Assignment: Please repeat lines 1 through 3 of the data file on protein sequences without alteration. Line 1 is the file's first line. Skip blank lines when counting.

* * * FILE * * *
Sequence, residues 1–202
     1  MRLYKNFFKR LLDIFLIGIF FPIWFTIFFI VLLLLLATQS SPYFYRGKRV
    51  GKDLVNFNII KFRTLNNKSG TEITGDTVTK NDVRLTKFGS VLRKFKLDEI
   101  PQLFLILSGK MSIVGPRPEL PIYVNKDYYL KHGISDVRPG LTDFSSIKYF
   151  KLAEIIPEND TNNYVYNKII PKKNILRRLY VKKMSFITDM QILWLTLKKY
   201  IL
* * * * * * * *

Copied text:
Sequence, residues 1–202
     1  MRLYKNFFKR LLDIFLIGIF FPIWFTIFFI VLLLLLATQS SPYFYRGKRV
    51  GKDLVNFNII KFRTLNNKSG TEITGDTVTK NDVRLTKFGS VLRKFKLDEI